GREEN MANURE GS105 $4.50 1 – Hairy Vetch [you till this under right as it flowers as a nitrogen fixer and for organic matter. ]
HERB HB175 $2.75 1 – Stevia [a fabulous no-calorie sweetner with no impact on blood sugar–Japanese and Brazilians have used it for centuries, but of course our FDA has pandered to the sugar and chemical industries (big, long, scandalous story) and keeps it labeled as a “dietary supplement” so it won’t compete directly with neurotoxins (asparatame) carcinogens (saccharine) and digestive irritants (sucralose). Get some at Trader Joes if you live in such a lucky place.]

HOT PEPPER HPP103 $5.00 1 – Anaheim – 1 oz. [ I accidentally bought a ton of these seeds, I think we’ll start them all and have Ben sell the small plants this summer instead of a lemonade stand (along with all our extra melon plants and acorn squash, which I also overordered accidentally]

MELON ML102 $2.75 1 – Prescott Fond Blanc
70 days. The most unique and beautiful French melon we sell! The fruit is 4-9 lbs., very flattened and ribbed, with warts and bumps. Melons have grey/green skin turning straw color; flesh is salmon-orange. Once one of the best known melons, it was mentioned in the 1860’s, but it likely is much older. The flavor is very rich if picked at perfection and the fragrance is heavenly. This is a favorite melon of mine, almost unheard of in this country.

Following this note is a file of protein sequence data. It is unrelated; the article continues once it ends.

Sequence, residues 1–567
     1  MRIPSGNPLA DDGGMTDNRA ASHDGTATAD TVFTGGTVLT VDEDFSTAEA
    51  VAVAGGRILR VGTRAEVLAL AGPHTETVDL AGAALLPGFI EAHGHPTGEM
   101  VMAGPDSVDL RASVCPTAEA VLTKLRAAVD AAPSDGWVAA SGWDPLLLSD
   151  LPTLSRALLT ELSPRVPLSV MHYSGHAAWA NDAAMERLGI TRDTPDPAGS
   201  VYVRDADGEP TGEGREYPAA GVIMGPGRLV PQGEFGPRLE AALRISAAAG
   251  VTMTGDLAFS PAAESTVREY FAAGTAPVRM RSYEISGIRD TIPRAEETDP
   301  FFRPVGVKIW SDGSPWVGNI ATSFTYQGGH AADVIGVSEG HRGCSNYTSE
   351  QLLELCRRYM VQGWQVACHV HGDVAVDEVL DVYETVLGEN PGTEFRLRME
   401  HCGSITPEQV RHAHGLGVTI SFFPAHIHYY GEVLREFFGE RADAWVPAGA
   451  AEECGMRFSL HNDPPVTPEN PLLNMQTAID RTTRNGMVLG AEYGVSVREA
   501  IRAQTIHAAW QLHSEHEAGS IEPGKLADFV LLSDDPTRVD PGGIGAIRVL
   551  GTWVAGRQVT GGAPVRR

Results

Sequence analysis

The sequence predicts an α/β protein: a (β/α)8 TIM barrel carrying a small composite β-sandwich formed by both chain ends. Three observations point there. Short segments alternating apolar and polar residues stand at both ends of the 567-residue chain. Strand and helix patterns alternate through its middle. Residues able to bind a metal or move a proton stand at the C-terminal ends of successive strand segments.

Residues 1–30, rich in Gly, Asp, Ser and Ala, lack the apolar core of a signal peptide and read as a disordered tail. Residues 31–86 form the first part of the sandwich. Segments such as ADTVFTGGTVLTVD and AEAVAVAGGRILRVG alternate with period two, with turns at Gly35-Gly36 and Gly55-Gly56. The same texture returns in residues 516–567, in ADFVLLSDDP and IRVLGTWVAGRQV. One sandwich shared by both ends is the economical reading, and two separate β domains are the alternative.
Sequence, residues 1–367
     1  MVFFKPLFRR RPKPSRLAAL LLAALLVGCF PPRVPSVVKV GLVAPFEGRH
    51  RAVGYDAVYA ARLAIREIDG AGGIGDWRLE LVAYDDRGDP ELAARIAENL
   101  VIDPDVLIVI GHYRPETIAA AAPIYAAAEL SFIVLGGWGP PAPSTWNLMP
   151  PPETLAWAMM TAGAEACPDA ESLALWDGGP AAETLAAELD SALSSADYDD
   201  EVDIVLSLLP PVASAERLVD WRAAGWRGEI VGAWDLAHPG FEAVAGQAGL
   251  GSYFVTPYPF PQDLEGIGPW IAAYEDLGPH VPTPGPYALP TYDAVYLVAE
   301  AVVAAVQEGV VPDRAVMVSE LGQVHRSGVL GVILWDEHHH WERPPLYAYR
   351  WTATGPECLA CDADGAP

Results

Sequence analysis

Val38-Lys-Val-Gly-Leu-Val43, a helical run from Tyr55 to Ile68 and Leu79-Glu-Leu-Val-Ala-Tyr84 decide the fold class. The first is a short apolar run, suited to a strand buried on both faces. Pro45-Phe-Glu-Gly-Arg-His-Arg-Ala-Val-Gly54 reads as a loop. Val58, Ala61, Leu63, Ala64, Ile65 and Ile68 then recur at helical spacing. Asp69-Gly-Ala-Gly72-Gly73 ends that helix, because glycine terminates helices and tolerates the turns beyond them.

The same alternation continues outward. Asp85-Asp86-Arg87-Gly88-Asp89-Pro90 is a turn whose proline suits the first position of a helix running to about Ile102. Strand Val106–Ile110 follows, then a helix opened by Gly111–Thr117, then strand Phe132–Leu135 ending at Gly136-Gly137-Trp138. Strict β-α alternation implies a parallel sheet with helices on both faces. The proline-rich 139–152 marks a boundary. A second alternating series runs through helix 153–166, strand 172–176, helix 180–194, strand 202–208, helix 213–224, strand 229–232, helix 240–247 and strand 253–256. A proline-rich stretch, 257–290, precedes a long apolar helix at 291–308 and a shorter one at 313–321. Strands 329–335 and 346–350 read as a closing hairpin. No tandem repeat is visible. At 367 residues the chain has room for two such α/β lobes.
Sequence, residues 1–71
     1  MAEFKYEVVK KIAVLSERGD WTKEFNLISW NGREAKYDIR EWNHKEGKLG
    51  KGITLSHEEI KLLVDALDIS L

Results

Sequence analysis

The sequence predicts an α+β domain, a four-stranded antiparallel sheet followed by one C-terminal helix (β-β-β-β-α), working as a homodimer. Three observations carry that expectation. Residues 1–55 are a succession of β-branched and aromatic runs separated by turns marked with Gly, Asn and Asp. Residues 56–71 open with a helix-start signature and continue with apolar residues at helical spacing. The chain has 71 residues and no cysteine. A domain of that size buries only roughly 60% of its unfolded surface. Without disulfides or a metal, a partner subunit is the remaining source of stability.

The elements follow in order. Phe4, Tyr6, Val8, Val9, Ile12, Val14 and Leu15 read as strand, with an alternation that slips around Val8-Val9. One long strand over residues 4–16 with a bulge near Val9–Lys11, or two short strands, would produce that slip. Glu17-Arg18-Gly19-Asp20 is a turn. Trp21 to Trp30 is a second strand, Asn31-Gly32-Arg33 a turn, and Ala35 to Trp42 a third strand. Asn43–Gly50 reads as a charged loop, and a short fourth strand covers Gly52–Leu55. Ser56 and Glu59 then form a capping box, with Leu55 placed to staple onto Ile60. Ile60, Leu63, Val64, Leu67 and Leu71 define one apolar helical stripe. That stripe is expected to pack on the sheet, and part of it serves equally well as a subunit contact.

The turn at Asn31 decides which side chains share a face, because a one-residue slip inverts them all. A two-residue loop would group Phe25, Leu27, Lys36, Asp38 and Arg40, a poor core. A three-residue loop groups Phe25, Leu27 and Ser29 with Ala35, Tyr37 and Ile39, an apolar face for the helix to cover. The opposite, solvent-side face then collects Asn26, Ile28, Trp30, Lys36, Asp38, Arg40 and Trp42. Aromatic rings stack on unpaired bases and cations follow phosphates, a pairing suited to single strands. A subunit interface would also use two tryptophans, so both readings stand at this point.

ASIAN MELON OML107 $3.50 1 – Tigger

The most amazing melon we have grown. The fruit are vibrant yellow with brilliant fire-red, zigzag stripes, (a few fruit may be solid yellow), simply beautiful! They are also the most fragrant melons we have tried, with a rich, sweet intoxicating aroma that will fill a room. The white flesh gets sweeter in dry climates. Small in size the fruits weigh up to 1 lb. – perfect for a single serving. The vigorous plants yield heavily, even in dry conditions. This heirloom came from an Armenian market located in a mountain valley. It was the most popular melon at our Garden Show last August and makes a unique specialty market variety. Pkt. (25 seeds).

ONION ON113 $2.50 1 – Gold Princess

SWEET PEPPER PP143 $2.50 1 – Jimmy Nardello Italian

This fine Italian pepper was grown each year by Giuseppe and Angella Nardiello, at their garden in the village of Ruoti, in Southern Italy. In 1887 they set sail with their one-year-old daughter Anna for a new life in the USA. When they reached these shores, they settled and gardened in Naugatuck, Connecticut, and grew this same pepper that was named for their fourth son Jimmy. This long, thin-skinned frying pepper dries easily and has such a rich flavor that this variety has been placed in “The Ark of Taste” by the Slow Food organization. Ripens a deep red, is very prolific, and does well in most areas.

LETTUCE BLEND SB103 $3.00 1 – Rocky Top Lettuce Salad

SUGAR PEA SN106 $2.50 1 – Sugar Snap

SPINACH SP101 $1.50 1 – Bloomsdale Long Standing